Lobbying for the biotech industry in Washington DC doesn’t sound like fun now. The industry is being left for dead by Wall Street, the IPO market has closed down, and about half of the 370 public companies are reporting they have run down to less than a year’s worth of cash on hand. Many of the 900 member companies in the Biotechnology Industry Organization are laying off workers, being forced into shotgun mergers, and shelving once-promising product candidates.
Inside the Beltway, a new President and Congress have a host of policies in mind that would upset the status quo for the pharmaceutical and biotech industry. There’s universal health care and cost control, for starters, and then the perennial threat of laws to make it easier to develop cheap, generic-like biotech drugs seems more real than ever. Patent law changes might discourage investors from making big bets on new drugs. This week, President Obama said he wants to spend a billion dollars for studies that compare the effectiveness of brand-name drugs against cheaper alternatives. (Doctors might discover that an over-the-counter heartburn drug is just as good as a branded pharmaceutical that Americans spend $6 billion a year on! Horrors!)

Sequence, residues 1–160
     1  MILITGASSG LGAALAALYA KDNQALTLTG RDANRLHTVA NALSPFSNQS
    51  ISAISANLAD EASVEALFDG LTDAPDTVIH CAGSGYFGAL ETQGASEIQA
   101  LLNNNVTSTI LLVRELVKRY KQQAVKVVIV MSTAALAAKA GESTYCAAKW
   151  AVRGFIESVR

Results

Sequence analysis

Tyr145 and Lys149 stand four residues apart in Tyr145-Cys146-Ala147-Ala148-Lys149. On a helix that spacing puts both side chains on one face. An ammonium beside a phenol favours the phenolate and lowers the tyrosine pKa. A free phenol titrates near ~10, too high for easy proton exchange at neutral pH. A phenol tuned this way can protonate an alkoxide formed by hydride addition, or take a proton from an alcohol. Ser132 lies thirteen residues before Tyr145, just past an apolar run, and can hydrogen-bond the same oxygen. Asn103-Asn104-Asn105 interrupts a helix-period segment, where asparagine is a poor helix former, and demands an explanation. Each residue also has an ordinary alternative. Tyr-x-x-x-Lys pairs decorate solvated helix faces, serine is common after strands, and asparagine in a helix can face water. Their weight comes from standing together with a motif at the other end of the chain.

I live in Seattle, 3,000 miles away from where all this DC political hardball occurs, but I joined in on a press conference this morning with Jim Greenwood, the president of the Biotechnology Industry Organization, to get up to speed on how these issues will affect members in our Xconomy network cities of Boston, Seattle, and San Diego. Greenwood, a former Republican congressman from Pennsylvania, tried to maintain an upbeat tone, but the news wasn’t encouraging.
“Our companies are pretty resourceful,” Greenwood said, when I asked how many companies will die. “They’re pretty good at crunching down their burn rates to get it as lean as possible until the sky clears and they can go back to investors. These are committed people. They’re not quitters.”
The numbers from BIO itself paint a pretty dark picture, including:
—About one-third of all publicly-traded biotech companies (120 out of 370) now have less than six months of cash on hand. The number of companies living with this dangerously thin amount of cash has climbed 90 percent in the past year, BIO says. Almost half of the companies have less than a year of cash on hand at last count.
—Companies can’t lean on actual product revenues to float their ships, because only about one in 10 public biotech companies have positive income, BIO says.
—That’s why Wall Street’s willingness to swing for the fence, in the high-risk, high-return world of biotech … Next Page »
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